Adding refridgerant: Some notes before adding anything to the system. If the system diagnosis determines that more refridgerant is necessary, before adding more the source of the leak should be found and repaired. The system is a closed-loop system, meaning no refridgerant is lost during normal operation. Thus a lack of refridgerant means there is a leak. Also if the refridgerant is completely depleted or the system is being newly recharged from zero, ensure that the proper quantity of compressor oil is added along with the refridgerant. Running straight refridgerant without oil will kill the compressor.
There are several methods to add refridgerant. It can be added in liquid or gas form, as a system charge is measured by weight. Each system will have an exact, most efficient refridgerant quantity. This amount will be listed on the vehicle, or in the vehicle manual, usually by weight. This weight can be added exactly to an empty system using either a metering canister that measures the liquid as it goes in, a pre-charged canistor with the proper amount, a scale under a larger canister to measure how much enters the system, or expensive a/c charge machines will measure this amount automatically (of course most of us don't have access to those machines). There is also a less exact but still effective method of adding refridgerant to a running system until the proper pressures are realized on both sides of the system. This last method requires no special equipment other than a guage set and a refridgerant canistor, and the proper knowledge obviously.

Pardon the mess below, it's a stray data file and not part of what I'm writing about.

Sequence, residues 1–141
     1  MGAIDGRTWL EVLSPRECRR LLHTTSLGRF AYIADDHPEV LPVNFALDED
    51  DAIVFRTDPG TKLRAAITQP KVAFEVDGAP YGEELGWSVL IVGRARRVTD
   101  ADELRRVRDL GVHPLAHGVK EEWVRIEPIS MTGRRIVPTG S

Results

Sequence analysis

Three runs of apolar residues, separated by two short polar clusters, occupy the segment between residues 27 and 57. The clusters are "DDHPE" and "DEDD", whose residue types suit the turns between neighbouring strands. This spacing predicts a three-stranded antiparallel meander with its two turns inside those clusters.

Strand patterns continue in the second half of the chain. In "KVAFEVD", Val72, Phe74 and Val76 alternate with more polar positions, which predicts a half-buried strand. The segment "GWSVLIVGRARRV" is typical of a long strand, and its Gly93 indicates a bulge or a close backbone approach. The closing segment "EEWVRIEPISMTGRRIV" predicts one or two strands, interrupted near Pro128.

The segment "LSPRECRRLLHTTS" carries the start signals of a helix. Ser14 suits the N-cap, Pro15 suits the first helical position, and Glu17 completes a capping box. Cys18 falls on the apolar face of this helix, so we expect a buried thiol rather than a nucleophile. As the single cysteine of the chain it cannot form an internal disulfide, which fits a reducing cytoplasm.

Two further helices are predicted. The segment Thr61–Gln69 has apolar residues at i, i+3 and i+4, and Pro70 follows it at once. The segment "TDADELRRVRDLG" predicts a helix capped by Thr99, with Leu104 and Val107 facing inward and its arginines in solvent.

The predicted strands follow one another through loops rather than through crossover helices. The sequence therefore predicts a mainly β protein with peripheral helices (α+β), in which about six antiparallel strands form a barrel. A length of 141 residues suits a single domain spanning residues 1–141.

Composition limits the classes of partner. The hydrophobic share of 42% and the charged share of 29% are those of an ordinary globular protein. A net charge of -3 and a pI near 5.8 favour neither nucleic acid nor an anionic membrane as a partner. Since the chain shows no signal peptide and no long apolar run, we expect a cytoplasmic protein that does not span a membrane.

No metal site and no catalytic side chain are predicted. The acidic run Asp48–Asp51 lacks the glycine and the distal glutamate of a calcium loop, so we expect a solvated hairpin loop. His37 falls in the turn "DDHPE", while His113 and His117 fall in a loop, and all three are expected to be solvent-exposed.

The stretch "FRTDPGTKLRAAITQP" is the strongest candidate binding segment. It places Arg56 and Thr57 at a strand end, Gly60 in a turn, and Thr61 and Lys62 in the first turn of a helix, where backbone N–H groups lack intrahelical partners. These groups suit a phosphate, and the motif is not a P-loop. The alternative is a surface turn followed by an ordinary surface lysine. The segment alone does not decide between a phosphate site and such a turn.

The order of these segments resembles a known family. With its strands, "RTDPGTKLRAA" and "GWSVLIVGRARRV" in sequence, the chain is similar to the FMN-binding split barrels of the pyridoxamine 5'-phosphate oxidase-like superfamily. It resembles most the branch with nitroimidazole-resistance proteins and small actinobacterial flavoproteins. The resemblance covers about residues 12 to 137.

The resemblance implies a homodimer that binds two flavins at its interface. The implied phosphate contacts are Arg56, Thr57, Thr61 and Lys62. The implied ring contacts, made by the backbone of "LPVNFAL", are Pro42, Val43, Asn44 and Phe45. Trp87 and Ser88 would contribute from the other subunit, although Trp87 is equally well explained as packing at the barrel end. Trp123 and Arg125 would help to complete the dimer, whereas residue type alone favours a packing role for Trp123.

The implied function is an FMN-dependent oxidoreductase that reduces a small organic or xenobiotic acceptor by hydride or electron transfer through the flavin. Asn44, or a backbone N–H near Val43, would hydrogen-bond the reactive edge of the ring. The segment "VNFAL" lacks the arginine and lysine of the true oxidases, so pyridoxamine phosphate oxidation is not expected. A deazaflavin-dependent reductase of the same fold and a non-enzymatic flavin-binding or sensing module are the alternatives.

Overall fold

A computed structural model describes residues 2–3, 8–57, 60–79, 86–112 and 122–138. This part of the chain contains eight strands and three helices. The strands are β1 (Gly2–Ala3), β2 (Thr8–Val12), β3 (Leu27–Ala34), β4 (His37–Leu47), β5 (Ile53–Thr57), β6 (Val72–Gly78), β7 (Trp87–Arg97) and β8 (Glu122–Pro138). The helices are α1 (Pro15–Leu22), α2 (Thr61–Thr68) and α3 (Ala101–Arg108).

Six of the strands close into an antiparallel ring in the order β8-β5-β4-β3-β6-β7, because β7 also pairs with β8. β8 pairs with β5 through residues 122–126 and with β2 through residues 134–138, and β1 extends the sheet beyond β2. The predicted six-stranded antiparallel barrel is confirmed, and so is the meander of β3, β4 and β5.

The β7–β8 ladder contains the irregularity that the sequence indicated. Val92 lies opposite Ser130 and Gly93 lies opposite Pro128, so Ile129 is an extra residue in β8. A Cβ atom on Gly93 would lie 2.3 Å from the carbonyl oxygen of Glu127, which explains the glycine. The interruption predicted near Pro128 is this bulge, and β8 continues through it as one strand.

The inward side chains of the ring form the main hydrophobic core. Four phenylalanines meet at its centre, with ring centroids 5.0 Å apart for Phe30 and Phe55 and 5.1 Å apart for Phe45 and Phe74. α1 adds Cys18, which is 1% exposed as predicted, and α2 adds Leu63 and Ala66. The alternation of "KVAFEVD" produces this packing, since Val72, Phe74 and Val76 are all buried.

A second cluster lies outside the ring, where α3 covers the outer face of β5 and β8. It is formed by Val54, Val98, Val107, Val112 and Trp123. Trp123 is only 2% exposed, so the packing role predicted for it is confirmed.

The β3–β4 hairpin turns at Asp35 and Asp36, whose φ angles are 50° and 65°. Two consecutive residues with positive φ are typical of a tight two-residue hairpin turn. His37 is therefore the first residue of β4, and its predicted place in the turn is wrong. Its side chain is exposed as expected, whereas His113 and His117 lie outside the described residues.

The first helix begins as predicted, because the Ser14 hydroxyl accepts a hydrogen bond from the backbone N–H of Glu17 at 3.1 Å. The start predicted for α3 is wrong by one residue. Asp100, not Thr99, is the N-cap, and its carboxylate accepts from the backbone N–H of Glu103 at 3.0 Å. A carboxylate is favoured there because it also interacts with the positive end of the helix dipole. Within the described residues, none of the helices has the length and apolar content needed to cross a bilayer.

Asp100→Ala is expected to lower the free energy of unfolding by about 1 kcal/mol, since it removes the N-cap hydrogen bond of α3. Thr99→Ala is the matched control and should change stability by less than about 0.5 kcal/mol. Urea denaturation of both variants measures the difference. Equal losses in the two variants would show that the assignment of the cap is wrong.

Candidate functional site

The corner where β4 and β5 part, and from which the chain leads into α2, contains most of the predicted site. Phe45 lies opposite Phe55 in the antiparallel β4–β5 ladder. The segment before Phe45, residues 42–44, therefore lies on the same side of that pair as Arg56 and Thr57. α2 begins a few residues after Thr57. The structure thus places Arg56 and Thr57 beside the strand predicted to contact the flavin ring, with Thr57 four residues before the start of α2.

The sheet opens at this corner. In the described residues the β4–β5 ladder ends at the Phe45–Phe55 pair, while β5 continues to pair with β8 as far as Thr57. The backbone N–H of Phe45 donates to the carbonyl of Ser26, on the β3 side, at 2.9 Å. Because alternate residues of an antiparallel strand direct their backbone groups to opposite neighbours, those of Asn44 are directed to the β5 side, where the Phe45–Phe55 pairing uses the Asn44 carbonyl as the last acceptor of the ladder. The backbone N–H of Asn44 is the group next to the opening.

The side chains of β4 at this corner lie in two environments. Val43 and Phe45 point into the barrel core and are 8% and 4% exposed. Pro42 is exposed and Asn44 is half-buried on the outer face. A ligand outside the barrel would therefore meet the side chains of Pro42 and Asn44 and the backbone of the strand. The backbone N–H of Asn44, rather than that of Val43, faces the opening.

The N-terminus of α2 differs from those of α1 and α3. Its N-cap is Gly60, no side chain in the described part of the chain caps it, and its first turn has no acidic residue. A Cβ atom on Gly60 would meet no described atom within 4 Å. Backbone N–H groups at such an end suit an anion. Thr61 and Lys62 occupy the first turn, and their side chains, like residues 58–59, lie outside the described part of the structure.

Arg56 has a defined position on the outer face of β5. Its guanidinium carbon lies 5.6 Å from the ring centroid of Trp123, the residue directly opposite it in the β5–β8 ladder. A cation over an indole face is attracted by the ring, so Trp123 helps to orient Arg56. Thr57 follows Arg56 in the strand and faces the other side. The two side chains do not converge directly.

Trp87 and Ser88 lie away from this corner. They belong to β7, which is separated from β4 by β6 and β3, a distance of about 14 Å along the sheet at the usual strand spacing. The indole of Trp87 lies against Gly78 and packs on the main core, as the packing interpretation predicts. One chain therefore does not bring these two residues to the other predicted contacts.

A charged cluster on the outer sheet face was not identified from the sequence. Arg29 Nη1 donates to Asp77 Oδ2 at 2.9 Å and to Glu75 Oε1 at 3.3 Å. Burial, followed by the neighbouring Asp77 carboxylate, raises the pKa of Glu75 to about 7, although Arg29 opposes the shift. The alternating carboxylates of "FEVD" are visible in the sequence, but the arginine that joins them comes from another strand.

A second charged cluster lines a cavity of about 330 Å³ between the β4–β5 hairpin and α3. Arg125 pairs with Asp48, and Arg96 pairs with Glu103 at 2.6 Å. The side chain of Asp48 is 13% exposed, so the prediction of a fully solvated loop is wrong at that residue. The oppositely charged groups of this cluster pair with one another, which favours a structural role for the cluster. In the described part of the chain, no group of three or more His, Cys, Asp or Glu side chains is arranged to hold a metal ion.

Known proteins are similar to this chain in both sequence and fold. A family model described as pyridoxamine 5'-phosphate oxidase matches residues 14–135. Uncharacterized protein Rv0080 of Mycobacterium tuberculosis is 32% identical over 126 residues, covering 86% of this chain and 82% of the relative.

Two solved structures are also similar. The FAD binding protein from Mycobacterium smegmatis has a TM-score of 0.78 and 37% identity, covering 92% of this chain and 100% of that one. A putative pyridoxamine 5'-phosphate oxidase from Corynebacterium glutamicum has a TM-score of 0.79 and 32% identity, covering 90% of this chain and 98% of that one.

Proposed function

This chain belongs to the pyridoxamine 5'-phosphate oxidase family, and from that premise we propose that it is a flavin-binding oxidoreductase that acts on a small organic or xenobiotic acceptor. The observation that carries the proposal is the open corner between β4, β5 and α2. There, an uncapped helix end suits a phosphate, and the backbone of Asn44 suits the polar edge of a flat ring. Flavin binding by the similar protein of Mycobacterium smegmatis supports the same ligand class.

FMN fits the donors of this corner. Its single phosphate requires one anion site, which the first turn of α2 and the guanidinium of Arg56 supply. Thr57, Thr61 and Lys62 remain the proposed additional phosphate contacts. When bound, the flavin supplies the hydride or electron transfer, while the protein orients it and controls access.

Adding refridgerant by running system pressure measurements should only be done on the low pressure side. The high pressure valve should remain closed, as liquid refridgerant flowing directly into the compressor will damage it. Liquid cannot be compressed. When using this method, not the ambient air temperature beforehand, then cross-reference the pressure chart below to find what pressures are necessary. Carefully add refridgerant to the system until these pressures are met and maintained. However, pressures on both the low and high side should be monitored, as just one side cannot show the whole picture of what is going on.
Optimum pressure ranges (r134a refridgerant):